Keep your “nudges” to yourself thank you….

11th August 2013

There is more than a bit of “nudging” goes on in NZ. Nudging is based on the idea that a little gentle persuasion – for instance enrolling people in KiwiSaver “as the default” and into a “default provider” is “ok” since they can “get out” or change (in the case of a disliked default provider).

Various behavioural economists have used the research to justify this “with a gentle push” approach as being sound (on paternalistic grounds – mother still knows best, she’s just more gentle these days so that’s ok).

Leaving aside the questionable ethics of this sort of arrogance, Prof Don Boudreaux of George Mason University explains below why the policy process involved is flawed and dangerous…..

I don’t have the book readily at hand, but in Cass Sunstein’s 2013 volume Simpler– which I reviewed here – he uses his “libertarian paternalist” thesis to justify Uncle Sam’s resort to ever-stronger “nudges” to prevent people from smoking cigarettes.  The increasingly large and explicit warning labels, the significant restrictions on advertising, and the extraordinarily high ‘sin’ taxes on cigarettes have not – in the view of Sunstein and most other “Progressives” – worked sufficiently to prevent smoking.  So stronger “nudges” are justified.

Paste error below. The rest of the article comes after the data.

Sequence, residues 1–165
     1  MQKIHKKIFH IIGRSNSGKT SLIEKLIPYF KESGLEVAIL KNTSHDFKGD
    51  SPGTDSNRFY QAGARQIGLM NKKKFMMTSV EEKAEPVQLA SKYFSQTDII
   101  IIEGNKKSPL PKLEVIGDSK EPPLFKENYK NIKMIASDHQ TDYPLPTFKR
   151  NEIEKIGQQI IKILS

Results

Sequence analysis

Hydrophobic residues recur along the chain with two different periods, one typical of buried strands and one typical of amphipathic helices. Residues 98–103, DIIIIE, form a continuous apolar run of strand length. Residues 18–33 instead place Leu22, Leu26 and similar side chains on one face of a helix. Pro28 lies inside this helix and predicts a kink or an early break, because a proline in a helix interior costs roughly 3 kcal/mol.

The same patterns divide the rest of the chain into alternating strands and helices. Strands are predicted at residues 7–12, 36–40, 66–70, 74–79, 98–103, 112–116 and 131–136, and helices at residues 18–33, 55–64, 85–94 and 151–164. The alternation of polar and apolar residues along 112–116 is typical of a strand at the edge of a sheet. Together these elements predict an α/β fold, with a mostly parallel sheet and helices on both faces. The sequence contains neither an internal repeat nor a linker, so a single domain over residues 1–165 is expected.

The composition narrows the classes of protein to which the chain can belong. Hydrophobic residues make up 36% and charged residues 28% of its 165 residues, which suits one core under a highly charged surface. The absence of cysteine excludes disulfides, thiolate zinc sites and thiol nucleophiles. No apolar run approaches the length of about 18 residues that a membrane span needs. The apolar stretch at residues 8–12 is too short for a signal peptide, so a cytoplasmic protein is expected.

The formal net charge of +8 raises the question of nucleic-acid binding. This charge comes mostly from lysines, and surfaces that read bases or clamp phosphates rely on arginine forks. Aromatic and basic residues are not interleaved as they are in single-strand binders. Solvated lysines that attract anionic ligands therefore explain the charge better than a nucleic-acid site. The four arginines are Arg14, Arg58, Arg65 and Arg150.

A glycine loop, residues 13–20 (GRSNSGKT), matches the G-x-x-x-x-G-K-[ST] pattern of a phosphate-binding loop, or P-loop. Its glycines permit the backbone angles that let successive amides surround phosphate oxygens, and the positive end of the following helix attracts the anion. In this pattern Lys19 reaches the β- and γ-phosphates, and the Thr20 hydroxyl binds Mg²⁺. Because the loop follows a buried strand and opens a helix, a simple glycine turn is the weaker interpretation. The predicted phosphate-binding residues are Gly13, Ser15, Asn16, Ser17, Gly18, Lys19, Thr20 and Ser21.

It’s fair to point out that even within “nudge” theory a particular real-world nudge can be insufficiently strong.  But what are the criteria for deciding whether or not a “nudge” is sufficiently strong?  Sunstein’s happy justification for ever-stronger government efforts to “nudge” us away from using tobacco use reveal – to me, at least – one of the weaknesses of “nudge” theory. 

That weakness is that the only practical criterion for judging whether or not the strength of the nudge is adequate is whether or not the activity sought to be reduced has in fact been significantly reduced by the nudge.  If that activity hasn’t been significantly reduced, the libertarian paternalist would say, “Ok, in this instance people in fact exercise their freedom to ignore our nudges; so although these choices are not the ones that we planners wish people would make, we must accept these revealed preferences as reality and leave people be.  No nudging people any further on this front.”  In contrast, the libertarian paternalist would say, “Our nudging must get stronger because people are still behaving in ways that we disapprove of.”

At least with plain dictate we can see transparently who is pushing who around.

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